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GOTCHA!: Inside Trump’s 2020 Campaign by Ed. Weinberger

Title: GOTCHA: Inside Trump’s 2020 Campaign

Author: Ed. Weinberger

Publisher: South Street Books

Genre: Political Satire, fiction

First Publication: 2020

Language: English


Book Summary: GOTCHA: Inside Trump’s 2020 Campaign by Ed. Weinberger

Nine-time Emmy Award-winning writer/producer Ed. Weinberger, known for his work on such legendary comedies as The Mary Tyler Moore Show, Taxi, and The Cosby Show, imagines an alternate Trump 2020 presidential campaign in this hilarious new novel.Book Review - GOTCHA Inside Trump’s 2020 Campaign by Ed. Weinberger

In GOTCHA! Weinberger creates a chaotic world inhabited by America’s 45th President where cheating at golf is taken for granted; Fox anchors are valued advisors; and hydroxychloroquine is promoted as a COVID-19 cure.

Spanning the critical period from March 5, 2020 to January 24, 2021, GOTCHA! takes readers into Trump’s private world as he meets with his re-election committee, has a hush-hush dinner with Laura Ingraham, makes an angry early-morning call to Don, Jr., and asks Melania whether his bullet-proof vest makes him look fat. Trump tries to rush through a COVID-19 vaccine; attempts to build rapport with African Americans; and even gets away with shooting a protester on Fifth Avenue—an incident applauded by the NRA.

With an entertaining mix of fiction and satire, this provocative novel looks into the corrupt, three-ring-circus that is Washington in the new normal.


Book Review: GOTCHA: Inside Trump’s 2020 Campaign by Ed. Weinberger

Since Trump’s election, I’ve read many serious books about Trump analysing how America got to what I, along with many others, consider a crisis of democracy, so it was refreshing to read a parody about it. This facetious satire of one of the world’s best-known men delivers a funny parody making light of ‘current’ president’s most conspicuous traits as well as his most momentous and noteworthy gaffes.

The book takes you through all the familiar events of the last year to recent election and the result. The staffing changes are there, as are darker things, like Putin, North Korea, and Charlottesville, though they’re not the main thing. I suppose the author wanted to leave the serious stuff to serious analysts; he concentrates on parodying Trump’s arrogance, incompetence, and growing instability. How It All Ends, which is the question on many of our minds, make me laugh out loud, when author predicted that Trump would refuse to leave the White House after losing the election.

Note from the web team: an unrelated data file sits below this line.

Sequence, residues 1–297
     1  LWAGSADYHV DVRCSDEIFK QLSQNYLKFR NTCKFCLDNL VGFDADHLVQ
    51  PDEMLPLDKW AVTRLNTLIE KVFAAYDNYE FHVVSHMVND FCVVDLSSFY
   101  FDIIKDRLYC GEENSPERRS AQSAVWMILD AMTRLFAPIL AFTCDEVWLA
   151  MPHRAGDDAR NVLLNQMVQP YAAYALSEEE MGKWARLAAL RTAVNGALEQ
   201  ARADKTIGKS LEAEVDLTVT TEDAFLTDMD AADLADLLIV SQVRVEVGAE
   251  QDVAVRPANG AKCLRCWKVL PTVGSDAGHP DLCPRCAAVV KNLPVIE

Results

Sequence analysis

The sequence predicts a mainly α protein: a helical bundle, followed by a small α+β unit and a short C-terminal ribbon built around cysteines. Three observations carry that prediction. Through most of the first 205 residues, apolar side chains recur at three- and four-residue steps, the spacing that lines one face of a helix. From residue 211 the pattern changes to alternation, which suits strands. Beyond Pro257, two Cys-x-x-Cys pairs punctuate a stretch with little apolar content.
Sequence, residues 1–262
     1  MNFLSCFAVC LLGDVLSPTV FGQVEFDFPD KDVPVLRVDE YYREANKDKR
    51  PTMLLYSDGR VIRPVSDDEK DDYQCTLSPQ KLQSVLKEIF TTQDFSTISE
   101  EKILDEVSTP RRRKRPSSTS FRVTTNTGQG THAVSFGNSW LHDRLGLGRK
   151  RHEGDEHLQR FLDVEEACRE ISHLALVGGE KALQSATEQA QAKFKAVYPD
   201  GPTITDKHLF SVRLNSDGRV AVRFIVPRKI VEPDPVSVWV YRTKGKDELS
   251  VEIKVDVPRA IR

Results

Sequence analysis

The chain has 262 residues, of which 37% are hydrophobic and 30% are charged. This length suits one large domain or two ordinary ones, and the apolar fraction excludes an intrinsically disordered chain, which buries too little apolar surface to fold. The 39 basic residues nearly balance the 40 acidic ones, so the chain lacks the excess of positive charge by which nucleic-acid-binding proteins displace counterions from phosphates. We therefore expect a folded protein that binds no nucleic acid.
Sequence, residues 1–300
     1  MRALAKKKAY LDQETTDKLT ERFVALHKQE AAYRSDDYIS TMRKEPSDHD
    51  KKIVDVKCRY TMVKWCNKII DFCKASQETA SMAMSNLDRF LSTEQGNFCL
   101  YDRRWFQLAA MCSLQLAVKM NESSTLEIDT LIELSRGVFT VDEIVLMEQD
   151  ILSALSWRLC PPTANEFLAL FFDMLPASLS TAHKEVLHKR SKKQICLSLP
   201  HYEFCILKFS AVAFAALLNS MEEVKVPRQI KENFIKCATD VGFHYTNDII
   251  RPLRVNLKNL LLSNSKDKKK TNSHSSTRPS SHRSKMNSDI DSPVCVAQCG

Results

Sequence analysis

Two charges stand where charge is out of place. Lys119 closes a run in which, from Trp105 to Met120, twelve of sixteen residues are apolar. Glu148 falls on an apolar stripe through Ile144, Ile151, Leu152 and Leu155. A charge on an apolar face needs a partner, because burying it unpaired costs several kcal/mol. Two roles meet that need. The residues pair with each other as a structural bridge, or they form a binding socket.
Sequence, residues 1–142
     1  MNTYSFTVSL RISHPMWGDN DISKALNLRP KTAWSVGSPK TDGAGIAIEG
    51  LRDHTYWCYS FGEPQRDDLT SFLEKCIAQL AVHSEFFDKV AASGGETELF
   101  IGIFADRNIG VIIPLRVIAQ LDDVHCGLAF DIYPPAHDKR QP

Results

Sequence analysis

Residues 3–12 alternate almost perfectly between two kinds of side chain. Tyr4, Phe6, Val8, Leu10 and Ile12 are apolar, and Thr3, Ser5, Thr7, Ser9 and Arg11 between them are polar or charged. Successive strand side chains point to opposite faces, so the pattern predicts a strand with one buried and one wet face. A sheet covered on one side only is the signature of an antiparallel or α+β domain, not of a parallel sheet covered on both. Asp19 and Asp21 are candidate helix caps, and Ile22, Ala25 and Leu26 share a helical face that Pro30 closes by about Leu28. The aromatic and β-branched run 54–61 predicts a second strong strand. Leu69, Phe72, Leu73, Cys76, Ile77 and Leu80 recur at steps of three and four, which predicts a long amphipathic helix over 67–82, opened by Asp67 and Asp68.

Ed. Weinberger has now given us an outrageously funny novel equal to the absurdity roiling Washington. The explosion of topical gags in “GOTCHA! Inside Trump’s 2020 Campaign” will — one hopes — someday require a host of footnotes to explain, but let the future worry about that. In this book author blended reality and fiction seamlessly, and given all that’s happened since Trump took office, the whole convoluted plot seems so damned plausible!

In ‘GOTCHA!: Inside Trump’s 2020 Campaign’, Ed. Weinberger uses a strong story that has some degree of possibility to weave quite the tale and keeps the reader on their toes as they try not to tear up with laughter as it relates to the countless moments of mockery that emerge throughout. With strong chapters that keep the story moving and a cast of characters, many of whom depict real personas in the Washington sphere, Weinberger entertains like few others can. One can only wonder what ‘The election 2020’ will bring, but whatever it is, the history books will surely be full of footnotes about the craziness these past four years have been.

Worth a read no matter which side of the political fence you stand on because let’s face it, we all make mistakes and laughing at someone else’s faults makes our own imperfections a little less glaring and a lot more tolerable. This great piece leaves no stone unturned and keeps the reader snickering throughout, permitted they have an open mind and do not mind a little political ribbing. Recommended to those who can handle a little mockery of the American political situation, as well as the reader who needs a little humour to lighten their post-election cycle mood.

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